American Woman Dies After Getting Plastic Surgery in the Dominican Republic

So why are passports and plastic surgery suddenly going hand in hand? Not surprisingly, lower costs are often the motivation. And in Medina’s case, it was also a matter of finding a doctor to perform the surgery; U.S. surgeons refused to operate on her until she lost weight. She found a doctor in the D.R. via social media who was willing to do it. “Weight is a definite factor in pre-operative risk assessment,” explains New York City plastic surgeon Dr. Melissa Doft. “Many doctors don’t want to perform elective surgery on a patient with a BMI greater than 30, and some will even cap it at 27 or 28.”  While that applies to any elective surgery, it’s paramount for lipo. You need to remove much more fat in an obese patient to see a noticeable difference, and large-volume liposuction has a higher risk of complications, such as blood clots and infections, she adds.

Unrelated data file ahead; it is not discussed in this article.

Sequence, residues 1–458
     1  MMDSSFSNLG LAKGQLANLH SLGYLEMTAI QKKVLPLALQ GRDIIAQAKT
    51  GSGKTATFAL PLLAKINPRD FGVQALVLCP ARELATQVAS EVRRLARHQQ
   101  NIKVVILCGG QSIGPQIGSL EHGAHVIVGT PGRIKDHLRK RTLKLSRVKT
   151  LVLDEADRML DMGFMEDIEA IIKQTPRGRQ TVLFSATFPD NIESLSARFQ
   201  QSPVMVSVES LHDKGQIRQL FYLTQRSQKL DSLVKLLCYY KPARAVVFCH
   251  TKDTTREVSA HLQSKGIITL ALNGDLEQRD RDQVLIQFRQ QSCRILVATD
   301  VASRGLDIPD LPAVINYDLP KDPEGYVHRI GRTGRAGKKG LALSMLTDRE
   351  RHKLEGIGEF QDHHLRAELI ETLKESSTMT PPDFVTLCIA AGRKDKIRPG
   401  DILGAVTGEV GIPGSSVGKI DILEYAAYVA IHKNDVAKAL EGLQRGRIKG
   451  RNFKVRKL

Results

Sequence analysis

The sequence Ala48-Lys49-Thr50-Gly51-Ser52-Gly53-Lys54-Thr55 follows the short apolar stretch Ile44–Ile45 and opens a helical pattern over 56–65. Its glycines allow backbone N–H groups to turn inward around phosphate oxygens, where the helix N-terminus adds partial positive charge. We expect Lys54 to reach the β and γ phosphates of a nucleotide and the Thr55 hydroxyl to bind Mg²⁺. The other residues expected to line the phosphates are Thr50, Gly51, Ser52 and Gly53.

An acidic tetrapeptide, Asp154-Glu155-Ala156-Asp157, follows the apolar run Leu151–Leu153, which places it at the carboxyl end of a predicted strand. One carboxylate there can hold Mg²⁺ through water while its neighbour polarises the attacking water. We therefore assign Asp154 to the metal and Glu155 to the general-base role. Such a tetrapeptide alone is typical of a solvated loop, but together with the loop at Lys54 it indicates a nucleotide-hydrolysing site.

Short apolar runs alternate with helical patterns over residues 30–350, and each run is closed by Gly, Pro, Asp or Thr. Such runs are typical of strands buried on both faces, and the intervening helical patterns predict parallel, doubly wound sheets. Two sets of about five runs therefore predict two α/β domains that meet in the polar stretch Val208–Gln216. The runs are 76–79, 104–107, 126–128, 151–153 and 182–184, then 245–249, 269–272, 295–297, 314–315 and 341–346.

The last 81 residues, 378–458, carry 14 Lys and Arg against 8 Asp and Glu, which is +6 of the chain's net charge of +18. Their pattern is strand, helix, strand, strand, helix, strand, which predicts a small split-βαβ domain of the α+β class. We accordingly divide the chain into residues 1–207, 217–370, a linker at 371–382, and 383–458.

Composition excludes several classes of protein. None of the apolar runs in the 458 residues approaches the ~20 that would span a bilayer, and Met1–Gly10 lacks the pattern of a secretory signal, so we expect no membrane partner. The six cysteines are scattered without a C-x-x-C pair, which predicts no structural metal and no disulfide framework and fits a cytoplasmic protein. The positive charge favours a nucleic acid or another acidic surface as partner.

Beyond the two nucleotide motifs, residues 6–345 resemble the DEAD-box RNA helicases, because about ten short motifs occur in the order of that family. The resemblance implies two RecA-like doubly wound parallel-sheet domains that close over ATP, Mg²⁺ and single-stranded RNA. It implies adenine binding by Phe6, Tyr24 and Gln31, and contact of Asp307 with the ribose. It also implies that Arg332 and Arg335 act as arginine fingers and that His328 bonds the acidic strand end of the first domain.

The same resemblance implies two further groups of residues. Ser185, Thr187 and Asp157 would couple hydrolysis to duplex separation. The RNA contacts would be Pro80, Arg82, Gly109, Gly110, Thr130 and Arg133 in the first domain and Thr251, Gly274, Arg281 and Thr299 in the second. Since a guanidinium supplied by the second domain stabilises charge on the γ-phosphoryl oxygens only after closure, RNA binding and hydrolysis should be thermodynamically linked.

Read the full article on the RealSelf website at: American Woman Dies After Getting Plastic Surgery in the Dominican Republic

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